UNDATED -- As the United States and China continue their trade war, grain farmers can now sign-up to get some federal help to offset expected losses.

Stearns County farmer Bill Lieser grows corn and soybeans on his Lake Henry farm. He says the one-cent back per bushel of corn won't do much to cover the estimated loss of 44-cents per bushel.

The bailout, known as the Market Facilitation Program, will give soybean farmers $1.65 per bushel on up to 50% of their yield. Lieser says that price should help soybean farmers more.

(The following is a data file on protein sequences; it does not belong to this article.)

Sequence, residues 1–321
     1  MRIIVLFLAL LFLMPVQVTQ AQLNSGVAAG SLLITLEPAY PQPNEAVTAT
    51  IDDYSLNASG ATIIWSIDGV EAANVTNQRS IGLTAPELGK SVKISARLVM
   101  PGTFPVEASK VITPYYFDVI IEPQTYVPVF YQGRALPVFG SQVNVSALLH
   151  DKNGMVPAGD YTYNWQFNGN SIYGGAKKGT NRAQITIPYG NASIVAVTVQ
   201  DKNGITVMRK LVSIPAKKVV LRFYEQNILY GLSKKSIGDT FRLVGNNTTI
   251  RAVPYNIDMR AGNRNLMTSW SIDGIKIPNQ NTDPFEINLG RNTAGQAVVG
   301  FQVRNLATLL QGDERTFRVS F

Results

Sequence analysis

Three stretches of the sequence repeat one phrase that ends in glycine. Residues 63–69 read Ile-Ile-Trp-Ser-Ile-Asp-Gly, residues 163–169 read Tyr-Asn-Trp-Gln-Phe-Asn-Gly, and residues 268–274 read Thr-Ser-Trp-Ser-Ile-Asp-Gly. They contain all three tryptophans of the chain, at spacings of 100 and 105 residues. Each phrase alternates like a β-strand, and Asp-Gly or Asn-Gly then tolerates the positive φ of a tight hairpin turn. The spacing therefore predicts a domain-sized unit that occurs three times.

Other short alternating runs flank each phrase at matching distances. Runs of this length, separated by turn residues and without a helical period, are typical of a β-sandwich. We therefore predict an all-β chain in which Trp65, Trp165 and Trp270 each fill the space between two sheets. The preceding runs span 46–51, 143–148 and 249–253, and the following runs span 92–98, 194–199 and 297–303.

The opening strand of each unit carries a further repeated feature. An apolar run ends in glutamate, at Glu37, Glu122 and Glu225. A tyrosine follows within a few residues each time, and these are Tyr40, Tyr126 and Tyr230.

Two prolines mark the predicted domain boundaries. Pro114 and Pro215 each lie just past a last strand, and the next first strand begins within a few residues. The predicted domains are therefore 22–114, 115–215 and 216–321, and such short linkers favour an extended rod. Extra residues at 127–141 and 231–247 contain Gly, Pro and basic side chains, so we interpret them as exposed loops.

Lieser says they're expecting a very good corn yield this year which should help offset some of the losses, but he says it will still be difficult for most farmers to break even on corn.

Even so, sunny, dry weather is needed to get the harvest completed.

Soybeans are especially vulnerable to weather conditions because Lieser says in order to get the best price, beans should have no more than 13% moisture when bringing them to market.

Lieser says it costs farmers more to artificially dry the grains and it's also more difficult to get the right moisture content when artificially drying beans.